Tests allowing women to find out whether their pregnancy is continuing or ending may soon be available for use in the home. A conference at London's Royal Society of Medicine will hear how the semi-quantitative pregnancy test (SQPT) could provide reassurance to women in early pregnancy and improve the management of abortion and miscarriage.
Current tests for the hormone human chorionic gonadotropin (hCG) can tell women if they may be pregnant before they have even missed a period, although they cannot confirm whether or not the hormone is falling or rising.
But the new tests developed in the US can do so, meaning it is possible to state whether a pregnancy is continuing or ending. For women who have ended pregnancies using the abortion pill, the semi-quantitative pregnancy test enables them to ascertain at home whether their pregnancy has ended, by showing that hCG levels are falling.
"For women who have experienced miscarriage, knowledge that their hCG levels are falling as expected may provide the peace of mind that no further interventions will be needed.
"For women undergoing early abortion, the introduction of this test into routine practice can only offer women more choice and provide an experience that best suits their personal needs."
Pregnancy belt lets daddy feel when the baby kicks too
For most fathers, pregnancy means playing a supporting role with little sense of what the mother is really going through. To help give fathers an inside look on what what it actually feels like to be pregnant, Huggies in Argentina has developed what it calls a pregnancy belt. Both the expectant mother and the father wear their half of the system, which then transfers any kicks or other movement felt by the mother over to the father in real-time.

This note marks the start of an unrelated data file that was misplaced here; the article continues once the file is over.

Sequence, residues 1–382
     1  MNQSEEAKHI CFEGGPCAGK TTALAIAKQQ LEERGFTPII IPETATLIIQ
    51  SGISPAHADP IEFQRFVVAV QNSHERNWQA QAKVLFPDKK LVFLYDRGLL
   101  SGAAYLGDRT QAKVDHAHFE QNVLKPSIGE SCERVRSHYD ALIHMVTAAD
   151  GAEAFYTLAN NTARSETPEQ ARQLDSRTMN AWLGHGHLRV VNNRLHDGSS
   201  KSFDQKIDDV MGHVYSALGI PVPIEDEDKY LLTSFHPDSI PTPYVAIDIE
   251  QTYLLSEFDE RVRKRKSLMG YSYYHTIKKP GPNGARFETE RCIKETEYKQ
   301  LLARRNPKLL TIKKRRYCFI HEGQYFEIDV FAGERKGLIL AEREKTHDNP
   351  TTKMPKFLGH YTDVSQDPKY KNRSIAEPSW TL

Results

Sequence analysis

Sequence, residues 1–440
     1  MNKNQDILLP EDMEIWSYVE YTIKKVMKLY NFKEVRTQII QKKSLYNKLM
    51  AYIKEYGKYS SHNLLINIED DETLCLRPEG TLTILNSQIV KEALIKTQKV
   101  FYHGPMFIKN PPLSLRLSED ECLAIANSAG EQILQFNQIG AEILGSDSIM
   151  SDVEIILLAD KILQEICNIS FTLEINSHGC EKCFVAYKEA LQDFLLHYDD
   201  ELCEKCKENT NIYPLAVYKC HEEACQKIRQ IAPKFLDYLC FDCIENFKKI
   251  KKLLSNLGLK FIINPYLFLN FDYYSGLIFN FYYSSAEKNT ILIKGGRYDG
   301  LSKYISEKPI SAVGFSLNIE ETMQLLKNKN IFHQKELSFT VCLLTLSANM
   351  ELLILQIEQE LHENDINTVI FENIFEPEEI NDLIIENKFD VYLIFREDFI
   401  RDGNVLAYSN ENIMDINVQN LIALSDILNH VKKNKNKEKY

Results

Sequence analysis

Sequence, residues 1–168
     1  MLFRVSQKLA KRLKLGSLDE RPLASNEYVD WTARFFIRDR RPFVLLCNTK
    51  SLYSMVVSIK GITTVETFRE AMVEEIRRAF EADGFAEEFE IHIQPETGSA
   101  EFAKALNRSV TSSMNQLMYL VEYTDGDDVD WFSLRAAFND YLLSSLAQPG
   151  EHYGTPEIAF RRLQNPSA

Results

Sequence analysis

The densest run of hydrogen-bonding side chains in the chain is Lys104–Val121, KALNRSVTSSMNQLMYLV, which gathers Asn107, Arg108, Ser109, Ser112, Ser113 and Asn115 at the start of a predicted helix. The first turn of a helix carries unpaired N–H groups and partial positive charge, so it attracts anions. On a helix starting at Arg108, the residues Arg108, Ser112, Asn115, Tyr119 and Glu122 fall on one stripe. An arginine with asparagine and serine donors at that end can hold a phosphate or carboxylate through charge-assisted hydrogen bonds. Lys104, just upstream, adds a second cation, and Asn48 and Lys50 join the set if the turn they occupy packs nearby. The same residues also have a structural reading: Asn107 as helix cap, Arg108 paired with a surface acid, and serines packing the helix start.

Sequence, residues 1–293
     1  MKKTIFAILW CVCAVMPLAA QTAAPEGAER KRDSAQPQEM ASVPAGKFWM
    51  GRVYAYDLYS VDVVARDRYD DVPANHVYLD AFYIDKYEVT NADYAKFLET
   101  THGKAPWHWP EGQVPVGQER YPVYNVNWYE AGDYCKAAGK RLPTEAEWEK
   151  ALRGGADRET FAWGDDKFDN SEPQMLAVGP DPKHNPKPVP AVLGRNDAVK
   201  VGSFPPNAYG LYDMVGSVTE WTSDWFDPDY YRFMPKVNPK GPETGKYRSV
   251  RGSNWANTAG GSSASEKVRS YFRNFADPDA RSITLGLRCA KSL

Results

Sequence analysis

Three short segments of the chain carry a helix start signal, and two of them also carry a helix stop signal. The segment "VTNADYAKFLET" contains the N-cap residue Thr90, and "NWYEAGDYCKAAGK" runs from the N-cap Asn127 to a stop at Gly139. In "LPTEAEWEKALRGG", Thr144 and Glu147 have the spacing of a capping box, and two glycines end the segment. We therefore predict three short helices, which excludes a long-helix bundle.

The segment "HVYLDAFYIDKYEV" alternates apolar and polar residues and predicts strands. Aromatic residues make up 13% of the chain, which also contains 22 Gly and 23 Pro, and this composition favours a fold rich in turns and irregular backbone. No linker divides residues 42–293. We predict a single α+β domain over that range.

It seems like the sort of thing we might eventually see in childbirth classes to help rope the dads to be into the "fun."
Women in the UK will soon be able to take home pregnancy tests which check on the progress of their baby, instead of just indicating whether they are expecting, experts have said.
The tests are currently sold in the United States, but not licensed in this country.
Experts said studies have now found that the kits are a safe and effective way of monitoring the first few months of pregnancy, before the 12 week scan, and could offer reassurance to women, especially those with a history of miscarriage.
The urine tests tell the mother that the pregnancy is developing normally, but would not provide the kind of information - such as the baby’s size and development - which is then seen in the scan.
Joanne Fletcher, Consultant Gynaecology Nurse at Sheffield Teaching Hospitals trust said: “We know early pregnancy can be a very stressful time for many women, and a simple test that could provide reassurance that the pregnancy was progressing may alleviate some of that anxiety. However all women experiencing pain or bleeding would always need to seek medical advice.”